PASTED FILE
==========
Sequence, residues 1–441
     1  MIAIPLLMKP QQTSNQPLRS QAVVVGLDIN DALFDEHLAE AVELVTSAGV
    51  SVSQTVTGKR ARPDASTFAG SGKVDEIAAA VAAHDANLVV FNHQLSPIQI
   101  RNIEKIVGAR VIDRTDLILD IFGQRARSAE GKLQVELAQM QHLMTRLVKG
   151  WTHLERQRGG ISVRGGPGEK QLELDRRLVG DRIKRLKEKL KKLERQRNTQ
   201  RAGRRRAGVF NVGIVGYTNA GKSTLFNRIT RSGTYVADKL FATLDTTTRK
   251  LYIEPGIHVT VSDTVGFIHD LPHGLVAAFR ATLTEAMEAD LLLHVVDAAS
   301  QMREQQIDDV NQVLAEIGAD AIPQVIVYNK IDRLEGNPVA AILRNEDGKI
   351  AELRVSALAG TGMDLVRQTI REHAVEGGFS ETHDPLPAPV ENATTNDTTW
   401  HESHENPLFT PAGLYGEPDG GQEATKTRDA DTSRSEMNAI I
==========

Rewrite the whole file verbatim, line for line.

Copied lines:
Sequence, residues 1–441
     1  MIAIPLLMKP QQTSNQPLRS QAVVVGLDIN DALFDEHLAE AVELVTSAGV
    51  SVSQTVTGKR ARPDASTFAG SGKVDEIAAA VAAHDANLVV FNHQLSPIQI
   101  RNIEKIVGAR VIDRTDLILD IFGQRARSAE GKLQVELAQM QHLMTRLVKG
   151  WTHLERQRGG ISVRGGPGEK QLELDRRLVG DRIKRLKEKL KKLERQRNTQ
   201  RAGRRRAGVF NVGIVGYTNA GKSTLFNRIT RSGTYVADKL FATLDTTTRK
   251  LYIEPGIHVT VSDTVGFIHD LPHGLVAAFR ATLTEAMEAD LLLHVVDAAS
   301  QMREQQIDDV NQVLAEIGAD AIPQVIVYNK IDRLEGNPVA AILRNEDGKI
   351  AELRVSALAG TGMDLVRQTI REHAVEGGFS ETHDPLPAPV ENATTNDTTW
   401  HESHENPLFT PAGLYGEPDG GQEATKTRDA DTSRSEMNAI I